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Am J Gastroenterol. 2006 Jun;101(6):1200-8.

Proton pump inhibitor or testing for Helicobacter pylori as the first step for patients presenting with dyspepsia? A cluster-randomized trial.

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Department of Medical Gastroenterology, Odense University Hospital, Odense Denmark.



The optimal approach for management of patients with dyspepsia has not been determined. The aim of this study was to compare the efficacy of three strategies for management of dyspepsia: empirical antisecretory therapy, testing for Helicobacter pylori (H. pylori), or a combination of the two.


Cluster-randomized trial in general practices. Initial treatment with proton pump inhibitor (PPI) was performed in 222 patients, H. pylori test-and-eradicate in 250 patients, and PPI followed by H. pylori-testing if symptoms improved in 250 patients. Symptoms, quality of life, patient satisfaction, and use of resources were recorded during a 1-yr follow-up.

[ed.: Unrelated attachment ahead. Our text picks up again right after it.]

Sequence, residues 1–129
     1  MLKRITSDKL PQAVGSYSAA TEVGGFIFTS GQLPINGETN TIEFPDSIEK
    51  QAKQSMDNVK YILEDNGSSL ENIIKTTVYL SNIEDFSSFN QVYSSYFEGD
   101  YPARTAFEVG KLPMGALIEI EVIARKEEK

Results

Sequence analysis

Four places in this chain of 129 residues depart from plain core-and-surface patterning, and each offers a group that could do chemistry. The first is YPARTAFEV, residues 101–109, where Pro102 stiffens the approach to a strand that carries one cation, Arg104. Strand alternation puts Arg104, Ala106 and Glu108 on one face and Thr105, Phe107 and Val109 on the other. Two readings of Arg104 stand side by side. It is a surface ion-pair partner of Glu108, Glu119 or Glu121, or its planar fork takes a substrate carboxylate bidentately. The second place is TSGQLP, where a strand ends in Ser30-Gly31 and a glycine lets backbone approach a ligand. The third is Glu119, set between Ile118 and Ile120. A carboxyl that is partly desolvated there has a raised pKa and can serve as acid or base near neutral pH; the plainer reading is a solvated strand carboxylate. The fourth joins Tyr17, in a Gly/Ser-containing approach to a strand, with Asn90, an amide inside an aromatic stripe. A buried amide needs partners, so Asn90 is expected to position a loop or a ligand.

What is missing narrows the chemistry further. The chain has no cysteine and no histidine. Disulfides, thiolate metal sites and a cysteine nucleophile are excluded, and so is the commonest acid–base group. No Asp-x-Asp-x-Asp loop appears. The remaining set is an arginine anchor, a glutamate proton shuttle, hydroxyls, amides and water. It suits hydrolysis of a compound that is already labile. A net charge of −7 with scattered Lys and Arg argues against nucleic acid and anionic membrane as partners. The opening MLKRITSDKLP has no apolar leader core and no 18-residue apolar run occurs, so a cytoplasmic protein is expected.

The prevalence of H. pylori infection was 24%. We found no difference among the three strategies (p=0.16) in terms of the proportion of days without dyspeptic symptoms. After 1 yr gastrointestinal symptom scores and quality-of-life scores had improved significantly and equally in the three groups (p<0.001), but no statistically significant differences were found among the groups. The mean use of endoscopies per patient after 1 yr was higher in the PPI group (0.36 [95% CI 0.30-0.43]) than in the test-and-eradicate group (0.28 [95% CI 0.23-0.34]) and the combination group (0.22 [95% CI 0.17-0.27]), p=0.02. H. pylori-positive patients given eradication therapy had more days without dyspeptic symptoms (p<0.001), used less antisecretory therapy (p<0.01), and were more satisfied (p<0.001) than H. pylori-negative patients.


The strategies based on H. pylori test enjoyed similar symptom resolution, but reduced endoscopic workload and lower 1-yr total costs compared with empirical antisecretory therapy.

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